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Should a 7-year-old have a cellphone? Read this and decide

May 31, 2012|By Rene Lynch

How young is too young for a cellphone? Parents and their kids have been arguing about this one since, well, ever since there were cellphones. But the news out of Utah this week might convince parents that a child is never too young for a cellphone -- not even a 7-year-old.

A Utah school bus driver is out of a job after she ordered 7-year-old Kya Hobdy off the school bus and drove away, leaving the girl crying in an unfamiliar neighborhood that was about a mile from school and a mile from her home. The problem? The child didn't have the proper paperwork allowing her to ride the school bus.

Luckily for Kya, she held a secret weapon: a cellphone. She kept her wits about her and called her mom for help. The sharp-eyed youngster was able to identify a neighborhood church, a landmark that her mother used to go and find her.

"I was dumbfounded," the girl's mother, Amber Hobdy, told the Desert News of Salt Lake City. "Why would anyone do that? Why would anyone drop off a 7-year-old?"

Earlier in the week, a representative for the Alpine School District outside of Salt Lake City said the bus driver had been placed on administrative leave. On Thursday, spokeswoman Rhonda Bromley told the Los Angeles Times that the driver is no longer working for the district. She declined to say whether the driver quit or was fired.

The incident unfolded Friday when Kya figured she'd join a friend on her school bus so the two could have an after-school play date at the friend's home. En route, the driver noticed Kya as a new face and asked whether she had a permission slip signed by a parent. Kya did not. So the driver pulled over, dropped off a crying Kya, and continued along the route.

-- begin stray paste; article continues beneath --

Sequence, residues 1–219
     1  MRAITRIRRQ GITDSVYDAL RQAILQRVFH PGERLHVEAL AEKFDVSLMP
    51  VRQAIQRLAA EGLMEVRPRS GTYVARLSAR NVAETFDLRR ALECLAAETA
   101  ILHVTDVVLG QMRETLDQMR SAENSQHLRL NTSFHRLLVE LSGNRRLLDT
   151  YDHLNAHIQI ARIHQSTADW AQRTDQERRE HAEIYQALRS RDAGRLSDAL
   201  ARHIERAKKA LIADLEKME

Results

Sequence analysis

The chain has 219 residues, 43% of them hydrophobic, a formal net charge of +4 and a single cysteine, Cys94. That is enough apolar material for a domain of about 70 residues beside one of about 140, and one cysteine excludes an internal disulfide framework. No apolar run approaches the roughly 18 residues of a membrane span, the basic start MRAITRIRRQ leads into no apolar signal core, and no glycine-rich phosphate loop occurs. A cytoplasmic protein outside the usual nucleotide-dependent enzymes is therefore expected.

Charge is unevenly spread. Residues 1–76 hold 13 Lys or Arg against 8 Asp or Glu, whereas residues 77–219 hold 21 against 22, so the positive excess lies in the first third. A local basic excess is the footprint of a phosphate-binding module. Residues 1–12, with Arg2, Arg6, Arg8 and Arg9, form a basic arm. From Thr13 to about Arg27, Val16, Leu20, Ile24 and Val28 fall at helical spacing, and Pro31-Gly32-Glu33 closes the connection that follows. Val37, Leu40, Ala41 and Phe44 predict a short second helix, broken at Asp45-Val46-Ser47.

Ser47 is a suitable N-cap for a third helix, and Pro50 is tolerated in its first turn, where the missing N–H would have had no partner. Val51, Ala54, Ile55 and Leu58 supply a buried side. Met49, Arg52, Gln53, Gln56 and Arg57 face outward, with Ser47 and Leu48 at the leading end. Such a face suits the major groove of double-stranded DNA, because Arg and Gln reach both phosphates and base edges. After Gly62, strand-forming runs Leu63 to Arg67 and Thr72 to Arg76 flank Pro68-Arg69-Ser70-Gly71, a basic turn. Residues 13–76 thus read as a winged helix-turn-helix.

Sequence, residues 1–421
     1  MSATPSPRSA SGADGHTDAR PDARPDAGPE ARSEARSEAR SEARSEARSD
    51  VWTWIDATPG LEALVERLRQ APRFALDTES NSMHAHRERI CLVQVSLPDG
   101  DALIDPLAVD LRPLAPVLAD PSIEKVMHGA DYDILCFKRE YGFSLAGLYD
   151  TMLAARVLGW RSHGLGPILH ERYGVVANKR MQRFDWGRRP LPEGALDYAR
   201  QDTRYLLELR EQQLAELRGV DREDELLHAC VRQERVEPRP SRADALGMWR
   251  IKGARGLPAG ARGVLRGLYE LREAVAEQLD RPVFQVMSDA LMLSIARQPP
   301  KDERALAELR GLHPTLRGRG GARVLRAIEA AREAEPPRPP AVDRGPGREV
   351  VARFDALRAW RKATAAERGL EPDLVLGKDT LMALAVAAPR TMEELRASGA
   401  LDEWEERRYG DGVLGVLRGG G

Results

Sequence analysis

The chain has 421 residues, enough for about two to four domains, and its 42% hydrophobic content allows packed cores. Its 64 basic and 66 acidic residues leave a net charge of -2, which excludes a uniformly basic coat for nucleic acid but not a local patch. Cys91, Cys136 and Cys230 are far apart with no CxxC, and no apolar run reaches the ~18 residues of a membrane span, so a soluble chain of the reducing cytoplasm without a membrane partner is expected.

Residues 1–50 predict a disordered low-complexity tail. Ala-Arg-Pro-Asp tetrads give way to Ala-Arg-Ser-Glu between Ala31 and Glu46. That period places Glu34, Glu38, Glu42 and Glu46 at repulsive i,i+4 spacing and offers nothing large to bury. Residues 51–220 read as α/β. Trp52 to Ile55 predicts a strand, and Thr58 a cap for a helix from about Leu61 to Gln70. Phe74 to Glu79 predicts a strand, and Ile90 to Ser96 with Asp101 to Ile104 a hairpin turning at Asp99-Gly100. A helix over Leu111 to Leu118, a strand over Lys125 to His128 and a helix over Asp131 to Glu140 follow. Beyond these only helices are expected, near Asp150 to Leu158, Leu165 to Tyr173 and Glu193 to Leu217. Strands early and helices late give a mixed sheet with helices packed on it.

"At that point, the driver told her to get off the bus," Bromley said, "and that is absolutely unacceptable, obviously."

Bromley said children typically ride only on the buses assigned to run along their typical school-to-home route. However, they can ride on other buses within the district network, but only if they have a permission slip. Regardless, once a student is on a bus they can be let out only at an official bus stop or back at the school, she said.

So back to the debate about when a child should get his or her cellphone. Opinions run the gamut. Some tech-savvy folks say parents should hold out for as long as possible. Others say a cellphone can be lost or stolen, or held hostage by a bully with an agenda. Still others say -- and Amber Hobdy would probably agree -- that the upside of a cellphone far outweighs the downside, particularly in case of an emergency.

Bromley agreed that Kya's story will probably refuel that debate, as the story has been widely reported coast to coast. "Many people have heard the story, and obviously everyone has thought through, 'What would have happened to her if she didn't have that cellphone?' "


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